9th May 2015
I’ve had my fair share of alcohol in my life. I’ve learned that I could drink most people under the table, though I never got the hang of beer or wine, only liqueurs and spirits. I’ve never had a hang-over. I like to think in my adult years I drank responsibly, mainly because I needed to drive a vehicle a lot. In Australia the drink driving limit is 0.05 grams of alcohol per 100mL of blood for those with an open drivers licence. (I referenced NSW but most states follow this AFAIK) and the guidelines that are often quoted for men are:
if no more than two standard drinks are consumed in the first hour and no more than one per hour after that…
Trying to calculate your BAC is impossible…
Fast forward to about 12 months ago when I had Weight Loss Surgery I knew from my wife’s experience that the rate of absorption of alcohol is much faster and more intense as described here with the key point:
It is also harder to drink large amounts of alcohol after a sleeve and you will find that you will become twice as drunk, for twice as long on the same amount of alcohol! This is because the alcohol exits the stomach more rapidly and is very quickly absorbed.
I had been used to ‘pacing myself’ with alcohol intake such that I was able to drive if necessary and wasn’t impaired in my adult years. (Let’s exclude the teenage years from that though…)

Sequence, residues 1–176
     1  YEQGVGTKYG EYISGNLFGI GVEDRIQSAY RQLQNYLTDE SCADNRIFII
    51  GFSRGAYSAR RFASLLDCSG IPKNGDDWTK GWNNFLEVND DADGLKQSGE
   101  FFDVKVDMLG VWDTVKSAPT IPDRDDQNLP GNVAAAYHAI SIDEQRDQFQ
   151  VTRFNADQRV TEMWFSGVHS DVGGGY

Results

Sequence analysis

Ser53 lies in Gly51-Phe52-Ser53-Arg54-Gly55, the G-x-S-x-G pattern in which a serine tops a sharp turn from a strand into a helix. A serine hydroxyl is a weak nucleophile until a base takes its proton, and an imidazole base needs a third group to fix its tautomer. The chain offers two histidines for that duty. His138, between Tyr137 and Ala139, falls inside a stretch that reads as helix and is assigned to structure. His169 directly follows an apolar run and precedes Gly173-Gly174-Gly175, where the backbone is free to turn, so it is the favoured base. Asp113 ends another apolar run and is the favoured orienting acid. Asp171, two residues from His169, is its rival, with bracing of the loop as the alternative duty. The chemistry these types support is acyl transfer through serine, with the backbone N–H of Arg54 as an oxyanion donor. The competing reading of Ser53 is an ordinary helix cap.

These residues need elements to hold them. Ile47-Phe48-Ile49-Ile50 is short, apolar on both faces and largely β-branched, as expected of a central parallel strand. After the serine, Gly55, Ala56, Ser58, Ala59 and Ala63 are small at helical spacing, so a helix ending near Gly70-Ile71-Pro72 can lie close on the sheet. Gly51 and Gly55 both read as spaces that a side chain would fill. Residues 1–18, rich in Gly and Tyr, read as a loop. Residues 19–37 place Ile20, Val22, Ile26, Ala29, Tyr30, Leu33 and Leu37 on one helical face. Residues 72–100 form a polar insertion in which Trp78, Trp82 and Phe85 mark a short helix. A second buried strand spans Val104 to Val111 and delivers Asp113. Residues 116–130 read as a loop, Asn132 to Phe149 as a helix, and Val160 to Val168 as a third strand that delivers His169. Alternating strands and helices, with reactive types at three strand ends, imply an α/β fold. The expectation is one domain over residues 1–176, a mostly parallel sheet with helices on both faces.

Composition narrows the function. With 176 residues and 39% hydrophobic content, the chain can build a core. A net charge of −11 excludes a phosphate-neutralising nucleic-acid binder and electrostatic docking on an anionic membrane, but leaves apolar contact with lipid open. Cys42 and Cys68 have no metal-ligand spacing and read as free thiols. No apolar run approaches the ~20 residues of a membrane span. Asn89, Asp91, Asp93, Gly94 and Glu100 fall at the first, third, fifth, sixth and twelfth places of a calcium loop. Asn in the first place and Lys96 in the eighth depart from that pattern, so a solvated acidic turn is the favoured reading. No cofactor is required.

That control is now impossible
The rules have changed far too much and try as I might, I can’t seem to get it right. It almost seems like any amount of alcohol has an adverse affect and I’m terrified to drive. There’s a school of thought that says if you’re going to drive you shouldn’t drink at all. Well I drive a car, every, single, day. So when is it okay/safe for me to drive a vehicle if I’ve had a drink if I can no longer trust the old guidelines?
And no, the answer isn’t to carry around my own personal breathalyser, I’m trying to figure out when a safe time is to actually drink and how much is safe ahead of swallowing?
What about the validity of 0.05 limit? Studies show that performance drops off sharply in areas of object recognition, reaction time and risk-judgement beyond 0.05 but this varies based on the individual. Safer still is 0.02 but then 0 is best. Of course a bad driver will always be a bad driver but a good driver plus any alcohol runs the risk of becoming a bad driver. The limit after which you are fined and disqualified from driving is legally fixed.
The problem I have is that I have four children and a wife that depend on me. At the moment even more so. So here we are. I think it’s time for me to say goodbye to alcohol.
It’s become something that is too difficult, dangerous and irresponsible to manage and should no longer play a part in my life. That said the most difficult part isn’t going to be giving it up, it’s going to be repeatedly explaining to others that no, I’m fine, I don’t want a drink thanks. What does that say about our society?